top of page
July 2019: Roses in Watercolours by Trevor Waugh
Trevor was practically born with a paintbrush in his hand - and it shows. Aged 4 he was already painting non-stop and by his teens he had spots in the education press - not the sort of thing a London teenager necessarily wants, but still ...
For Trevor painting has always been about the love of it, as well as a personal pursuit of skill and excellence.
Trevor not only autographed this book for one lucky member - he painted a stunningly beautiful rose right there on the page!
Trevor paints a wide range of subjects, often travel-based, but hasn't always painted flowers. In fact an early foray for the mother of an early girlfriend was so disastrous that he vowed never to paint a flower again!
However, later on he was asked if he would replace a floralist and he practised hard at painting flowers. These suddenly sprang to life when he switched emphasis, painting the sunlight on the flowers which instantly sprang into vivid life on the page.
Here (below) is a randomly picked double spread from one of Trevors stunning notebooks.
It was hardly too surprising when out of the blue Kew Gardens rang him to commission a book of rose paintings [due out in 2020]!
As they pointed out, "We have plenty of botanically accurate painters but you paint the heart of the rose".
Working very loosely from the photo shown above, and making no preparatory drawing marks at all, Trevor dampened his paper, selected a spot away from both the centre and the edges, and made his first calligraphic marks using Permanent Rose. He starts in the heart of a rose and lets it grow organically outwards. Watercolour is all about the making of marks, he says, and the beauty of the mark, and it is very important not to 'fiddle' but to leave the marks looking fresh. He works, and thinks, in terms not of 'leaves' and 'petals' but of tangles, shapes, lights and darks. Not every mark needs to be explicable.
As he works, he added some purple, and then slightly more concentrated Permanent Rose, building up the image.
Developing a set of three roses with free, yet considered, brush marks
Watercolour is a tricky medium to master and needs control and patience but the 'wet-in-wet' technique is good fun, allowing improvisational bleeding of colours to happen in the right places.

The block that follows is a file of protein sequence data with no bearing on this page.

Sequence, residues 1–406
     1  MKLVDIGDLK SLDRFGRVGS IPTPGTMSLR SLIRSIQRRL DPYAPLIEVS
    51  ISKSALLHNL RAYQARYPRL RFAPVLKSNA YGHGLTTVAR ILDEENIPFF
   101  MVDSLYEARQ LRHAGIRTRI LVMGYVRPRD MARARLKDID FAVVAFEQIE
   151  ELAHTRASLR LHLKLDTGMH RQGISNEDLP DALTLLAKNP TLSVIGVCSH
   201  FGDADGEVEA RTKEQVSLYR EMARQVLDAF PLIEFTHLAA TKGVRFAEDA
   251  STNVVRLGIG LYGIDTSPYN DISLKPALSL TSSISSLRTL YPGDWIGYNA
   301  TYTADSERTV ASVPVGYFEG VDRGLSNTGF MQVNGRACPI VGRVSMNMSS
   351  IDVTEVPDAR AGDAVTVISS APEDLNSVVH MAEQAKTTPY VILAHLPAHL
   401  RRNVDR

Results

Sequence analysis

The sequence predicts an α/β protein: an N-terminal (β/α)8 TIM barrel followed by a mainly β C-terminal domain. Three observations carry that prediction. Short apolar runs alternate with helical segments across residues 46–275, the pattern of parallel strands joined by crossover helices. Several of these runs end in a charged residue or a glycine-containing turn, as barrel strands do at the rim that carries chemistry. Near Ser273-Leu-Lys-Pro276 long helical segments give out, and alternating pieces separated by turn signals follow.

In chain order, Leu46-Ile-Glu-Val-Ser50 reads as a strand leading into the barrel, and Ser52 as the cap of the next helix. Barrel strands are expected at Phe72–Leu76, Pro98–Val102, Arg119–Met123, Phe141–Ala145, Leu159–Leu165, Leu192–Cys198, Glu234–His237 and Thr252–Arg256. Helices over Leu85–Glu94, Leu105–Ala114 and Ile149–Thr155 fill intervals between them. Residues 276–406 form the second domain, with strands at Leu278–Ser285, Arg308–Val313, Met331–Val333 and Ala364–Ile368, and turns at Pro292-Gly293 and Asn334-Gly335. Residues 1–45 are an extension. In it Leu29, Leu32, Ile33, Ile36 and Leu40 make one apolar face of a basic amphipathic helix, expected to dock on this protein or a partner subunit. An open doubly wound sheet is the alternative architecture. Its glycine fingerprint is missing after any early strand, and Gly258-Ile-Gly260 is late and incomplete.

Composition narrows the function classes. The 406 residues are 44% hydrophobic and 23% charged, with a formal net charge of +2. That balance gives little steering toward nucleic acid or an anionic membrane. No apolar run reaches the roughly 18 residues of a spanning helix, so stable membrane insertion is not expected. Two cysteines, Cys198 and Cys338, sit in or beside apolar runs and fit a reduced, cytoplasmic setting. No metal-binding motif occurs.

Trevor added touches of blue [hints of lavender] and alizarin crimson and, for visual contrast, includes dead roses in the picture with touches of yellow and brown. He likes to work to the edges but always with an eye to linking the flower areas.
There are no dark values at first and the picture appears to be almost a collection of semi-separate colour studies, like a half-formed jigsaw, a thing of separate patches. This is a deceptive appearance as it becomes clear later that Trevor is visualising the areas to keep paper-white and the dramatic Wow!-factor impact of the darks that are yet to come.
A detail. In fact this small rose becomes a key detail, more focussed, than most of the composition. It is best to have a balance of focused and looser' areas.
An unfinished disconnected jigsaw?
No! Not in the end.
(Left) The darks begin to make their spectacular impact. Trevor created a range of dark values from burnt umber, cobalt blue, and lemon yellow [eschewing any garish and unnatural ready-made greens from a tube ]. These almost Japanese marks were [I think?] made with a 1/2" flat brush and have an impressive immediacy. And the intriguing shape in the top right resulted from a generous dollop of dark liquid given a single abrupt blow!
Trevor also used a precious sable brush which can retain much pigment and release it in controlled pressure marks that apply an intentional shape of liquid colour that can then be mopped out according to what's required.
"Painting is something to get up for in the morning, to still be working in your pyjamas at three in the afternoon, to be working on late into the night"
Suddenly the dark backgrounds - with much negative painting - begins to make sense of the whole harmonious composition. Magic!
... And as Trevor starts adding more forms, near-abstract marks suggestive of the spiral growth of the petals, in a second wash over the now dry paper the roses become 3-dimensional and washed with vivid light.
... until finally
bottom of page